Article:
Come On Out
We were shocked when he called us back from a hospital bed, having woken up from surgery only a few hours before — get well soon, buddy — but he was in a chipper mood.
"National Coming Out Day is actually the commemoration of the second march on Washington for lesbian and gay rights," he told us.
That march was held on October 11, 1987, eight years after the first one, which Hill says he helped plan.
"It was Harvey Milk's march, but Harvey got assassinated, and it was left to us peons to plan the march," he says.
Hill wound up on several planning committees, he says, and one day, when he was the only one who showed up to a meeting, he made an executive decision:
"Since my birthday is October the 13th, I decided we would have the march on Columbus Day Weekend," he says. "I actually am the guy who set National Coming Out Day closest to my birthday. You do national duty, you get national perks."
Ray says he came out of the closet while a student at Galena Park High School in 1958.
"I came into the kitchen where my mother Frankie was drinking a cup of coffee, and I said, 'Frankie, I'm a homosexual,' " he says. "And her response was...
'Well, that's certainly a relief.'
"And so I thought she didn't understand what I said, because I wasn't expecting that response, so I asked her, 'What do you mean?' and she said that Raymond, my father, and she had noticed that I tended to dress up more than the other boys in the neighborhood and buy coats and ties and things, and she thought I was trying to appear to be wealthier than we were, and she was afraid I might grow up to be a Republican and embarrass the family."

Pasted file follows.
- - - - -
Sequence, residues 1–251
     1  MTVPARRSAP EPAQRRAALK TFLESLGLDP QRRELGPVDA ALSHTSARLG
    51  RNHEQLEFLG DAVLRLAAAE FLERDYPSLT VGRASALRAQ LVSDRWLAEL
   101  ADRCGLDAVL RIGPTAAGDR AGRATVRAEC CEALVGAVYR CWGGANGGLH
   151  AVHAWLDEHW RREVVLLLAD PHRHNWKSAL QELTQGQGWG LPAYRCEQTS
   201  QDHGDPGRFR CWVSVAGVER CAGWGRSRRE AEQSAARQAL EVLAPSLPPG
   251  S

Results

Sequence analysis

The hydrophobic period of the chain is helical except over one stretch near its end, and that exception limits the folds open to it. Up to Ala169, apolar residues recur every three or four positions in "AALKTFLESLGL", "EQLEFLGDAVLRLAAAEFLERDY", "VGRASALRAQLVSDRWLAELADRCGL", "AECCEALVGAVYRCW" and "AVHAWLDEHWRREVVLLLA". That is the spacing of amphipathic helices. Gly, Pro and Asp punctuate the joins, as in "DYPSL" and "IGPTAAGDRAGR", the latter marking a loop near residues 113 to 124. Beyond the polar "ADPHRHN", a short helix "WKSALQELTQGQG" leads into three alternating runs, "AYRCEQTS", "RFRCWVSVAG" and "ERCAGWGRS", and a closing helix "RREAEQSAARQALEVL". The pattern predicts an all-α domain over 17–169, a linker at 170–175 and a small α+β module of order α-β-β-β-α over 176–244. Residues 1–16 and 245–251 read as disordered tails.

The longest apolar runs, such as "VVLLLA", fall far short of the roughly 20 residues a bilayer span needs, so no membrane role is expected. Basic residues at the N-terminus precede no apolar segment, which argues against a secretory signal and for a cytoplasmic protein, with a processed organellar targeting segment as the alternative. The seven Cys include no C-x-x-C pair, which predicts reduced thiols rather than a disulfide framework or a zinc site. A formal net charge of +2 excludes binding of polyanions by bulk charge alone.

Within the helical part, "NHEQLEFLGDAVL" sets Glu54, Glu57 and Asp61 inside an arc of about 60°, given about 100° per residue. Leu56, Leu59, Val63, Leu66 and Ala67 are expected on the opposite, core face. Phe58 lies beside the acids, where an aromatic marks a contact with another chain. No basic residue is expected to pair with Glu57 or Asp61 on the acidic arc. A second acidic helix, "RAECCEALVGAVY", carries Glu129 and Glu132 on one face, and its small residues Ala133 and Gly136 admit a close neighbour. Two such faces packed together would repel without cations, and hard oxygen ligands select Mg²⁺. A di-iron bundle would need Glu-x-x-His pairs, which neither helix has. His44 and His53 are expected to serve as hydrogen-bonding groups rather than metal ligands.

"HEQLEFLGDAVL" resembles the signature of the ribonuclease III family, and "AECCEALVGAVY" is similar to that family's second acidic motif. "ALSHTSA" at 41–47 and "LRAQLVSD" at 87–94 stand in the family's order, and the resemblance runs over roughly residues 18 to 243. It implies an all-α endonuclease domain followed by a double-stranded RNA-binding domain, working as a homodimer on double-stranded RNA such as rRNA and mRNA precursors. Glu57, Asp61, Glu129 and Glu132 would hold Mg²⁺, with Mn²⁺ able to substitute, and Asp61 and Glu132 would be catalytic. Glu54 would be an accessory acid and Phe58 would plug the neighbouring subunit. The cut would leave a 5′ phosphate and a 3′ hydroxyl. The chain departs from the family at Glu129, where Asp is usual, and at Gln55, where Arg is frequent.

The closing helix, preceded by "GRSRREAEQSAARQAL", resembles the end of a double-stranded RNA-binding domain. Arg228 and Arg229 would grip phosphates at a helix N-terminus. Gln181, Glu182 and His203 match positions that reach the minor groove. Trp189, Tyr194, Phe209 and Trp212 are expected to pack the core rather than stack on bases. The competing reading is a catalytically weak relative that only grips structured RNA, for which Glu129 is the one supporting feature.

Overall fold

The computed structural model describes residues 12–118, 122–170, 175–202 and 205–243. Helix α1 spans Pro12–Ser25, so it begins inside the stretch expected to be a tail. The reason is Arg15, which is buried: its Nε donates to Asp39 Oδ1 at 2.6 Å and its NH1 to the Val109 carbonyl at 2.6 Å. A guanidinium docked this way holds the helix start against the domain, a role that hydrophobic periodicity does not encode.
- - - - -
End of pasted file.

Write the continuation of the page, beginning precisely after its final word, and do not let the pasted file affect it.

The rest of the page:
Well, damn, sounds like it went pretty well.
Hill gives this advice to others considering coming out:
"The closet ain't worth it. If you don't believe me, ask Mark Foley," he says. "You're going to get cricks in your neck waiting for someone to, the old phrase is, drop a nickel on you."
If you do decide today is the day, OutSmart Editor Tim Brookover suggests these options for your evening:
-- Attend a coming-out support group at 6 p.m. at the Montrose Counseling Center
-- Hang out with openly gay candidate Dot Nelson-Turnier at Rouge from 5 p.m. to 7:30 p.m.
-- Cruise around the Human Rights Campaign Web site
Brookover also offers up these words of advice:
"Once we decide to come out of the closet, we realize at last that we can live freely and openly as men and women," he says. "Most frequently, when we finally do come out of the closet, we discover that apart from angry folks on the right-wing fringe, most people really don't care that much about our orientation."
Thanks, guys. -- Keith Plocek